School of Biological Sciences

Teaching and research in the School of Biological Sciences spans the scale and breadth of the living world - from molecules, genes and cells; organisms and their environments; to broad landscapes that cover Earth.

We go back in time to understand how evolution has shaped the present world, and into the future, developing new technologies to improve human health and better manage our environment.

The school brings together outstanding teachers and world-leading researchers to provide undergraduate and postgraduate programs and research training in biomedical sciences and biotechnology (biochemistry, genetics, microbiology and immunology), evolution, ecology and environmental science.


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Explore programs in biomedical science, biotechnology, biology and environmental science.

Start your career in science

Our research

Discover our unique research environment that links teaching, honours and postgraduate research excellence.

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Engagement & industry

Meet the wide network of collaborating partners that support our research and education programs.

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About us

Learn about our school, our departments and our people.

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Latest news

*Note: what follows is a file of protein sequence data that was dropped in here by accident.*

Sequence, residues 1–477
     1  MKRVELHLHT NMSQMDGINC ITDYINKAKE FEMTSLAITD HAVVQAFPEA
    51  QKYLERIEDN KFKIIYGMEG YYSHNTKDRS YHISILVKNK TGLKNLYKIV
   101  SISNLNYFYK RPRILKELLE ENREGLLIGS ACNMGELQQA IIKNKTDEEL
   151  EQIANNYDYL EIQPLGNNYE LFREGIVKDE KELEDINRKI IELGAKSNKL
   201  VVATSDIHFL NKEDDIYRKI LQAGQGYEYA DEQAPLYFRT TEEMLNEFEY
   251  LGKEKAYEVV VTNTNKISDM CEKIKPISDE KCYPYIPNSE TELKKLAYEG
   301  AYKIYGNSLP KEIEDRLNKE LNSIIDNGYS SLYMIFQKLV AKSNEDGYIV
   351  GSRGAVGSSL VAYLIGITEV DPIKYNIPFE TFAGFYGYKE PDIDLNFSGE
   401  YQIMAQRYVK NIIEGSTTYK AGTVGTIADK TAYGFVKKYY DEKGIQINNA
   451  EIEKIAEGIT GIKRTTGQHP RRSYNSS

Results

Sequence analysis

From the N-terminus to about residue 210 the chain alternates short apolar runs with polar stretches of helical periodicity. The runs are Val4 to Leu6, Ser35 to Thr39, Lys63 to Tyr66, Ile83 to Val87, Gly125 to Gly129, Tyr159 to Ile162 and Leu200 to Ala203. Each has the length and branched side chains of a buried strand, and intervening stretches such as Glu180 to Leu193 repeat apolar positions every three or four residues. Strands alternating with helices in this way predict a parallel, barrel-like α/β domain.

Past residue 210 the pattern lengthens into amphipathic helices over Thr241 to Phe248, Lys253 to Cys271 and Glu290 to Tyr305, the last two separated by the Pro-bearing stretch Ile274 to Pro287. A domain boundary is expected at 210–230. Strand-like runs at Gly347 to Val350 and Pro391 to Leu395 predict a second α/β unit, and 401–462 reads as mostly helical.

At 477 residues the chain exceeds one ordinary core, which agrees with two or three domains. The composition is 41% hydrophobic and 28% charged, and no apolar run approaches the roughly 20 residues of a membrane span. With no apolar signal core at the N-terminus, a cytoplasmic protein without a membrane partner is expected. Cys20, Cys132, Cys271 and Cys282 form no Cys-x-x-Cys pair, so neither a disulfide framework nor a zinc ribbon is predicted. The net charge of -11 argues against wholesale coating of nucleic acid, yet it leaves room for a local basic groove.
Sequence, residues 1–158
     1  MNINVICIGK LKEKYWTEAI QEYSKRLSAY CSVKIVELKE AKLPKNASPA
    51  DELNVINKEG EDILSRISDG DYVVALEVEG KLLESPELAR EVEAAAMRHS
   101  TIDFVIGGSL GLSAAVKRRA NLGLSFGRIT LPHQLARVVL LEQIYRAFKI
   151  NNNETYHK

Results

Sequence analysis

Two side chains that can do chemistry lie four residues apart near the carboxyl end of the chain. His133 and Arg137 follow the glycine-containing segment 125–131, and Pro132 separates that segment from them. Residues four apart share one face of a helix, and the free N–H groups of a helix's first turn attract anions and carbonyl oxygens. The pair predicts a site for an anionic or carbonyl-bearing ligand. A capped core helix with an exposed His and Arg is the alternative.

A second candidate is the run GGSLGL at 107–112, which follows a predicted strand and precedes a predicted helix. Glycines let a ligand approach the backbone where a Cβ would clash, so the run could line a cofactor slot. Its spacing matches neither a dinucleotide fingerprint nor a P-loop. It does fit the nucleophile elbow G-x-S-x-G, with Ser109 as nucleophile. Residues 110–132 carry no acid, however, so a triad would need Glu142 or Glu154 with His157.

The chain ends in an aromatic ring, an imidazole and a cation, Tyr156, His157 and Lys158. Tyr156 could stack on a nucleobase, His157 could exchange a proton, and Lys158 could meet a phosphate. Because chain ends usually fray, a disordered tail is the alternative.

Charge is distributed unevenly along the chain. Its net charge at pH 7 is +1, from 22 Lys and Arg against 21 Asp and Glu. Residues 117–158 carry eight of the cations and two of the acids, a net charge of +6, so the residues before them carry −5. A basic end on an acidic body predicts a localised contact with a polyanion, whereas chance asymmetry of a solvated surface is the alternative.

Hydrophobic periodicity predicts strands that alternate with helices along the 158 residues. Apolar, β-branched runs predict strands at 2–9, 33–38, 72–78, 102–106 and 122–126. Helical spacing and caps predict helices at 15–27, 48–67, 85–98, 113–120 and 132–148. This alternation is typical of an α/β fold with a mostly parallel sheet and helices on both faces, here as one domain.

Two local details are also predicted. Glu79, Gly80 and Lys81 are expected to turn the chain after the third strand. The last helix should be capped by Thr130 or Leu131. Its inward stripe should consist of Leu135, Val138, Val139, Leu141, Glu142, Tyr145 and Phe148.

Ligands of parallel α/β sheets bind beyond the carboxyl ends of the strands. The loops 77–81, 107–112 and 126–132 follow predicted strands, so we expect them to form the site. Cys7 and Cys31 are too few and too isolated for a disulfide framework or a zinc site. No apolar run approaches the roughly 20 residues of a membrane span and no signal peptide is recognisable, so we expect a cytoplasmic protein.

New ‘king’ of fossils discovered on Kangaroo Island

Fossils of a giant new species from the long-extinct group of sea creatures called trilobites have been found on Kangaroo Island.



A shore future for our coastal vegetation

Researchers are using new ways to gain genetic information from ocean sediment to determine the past and future survival of our coastal vegetation.



When pets become pests: the exotic pet trade producing invasive species

Scientists are learning more about what drives the exotic pet trade to help reduce the threat of new invasive animal and bird species.



New leader for School of Biological Sciences

The University's biosciences research and education has been boosted by a new leader.



Higher biodiversity means healthier humans

Scientists find restoring environments to include a wider range of species can promote ‘good’ bacteria over ‘bad’.



Deadly diseases to be hit by single vaccine

Scientists from the Research Centre for Infectious Diseases have developed a single vaccination approach to simultaneously combat influenza and pneumococcal infections.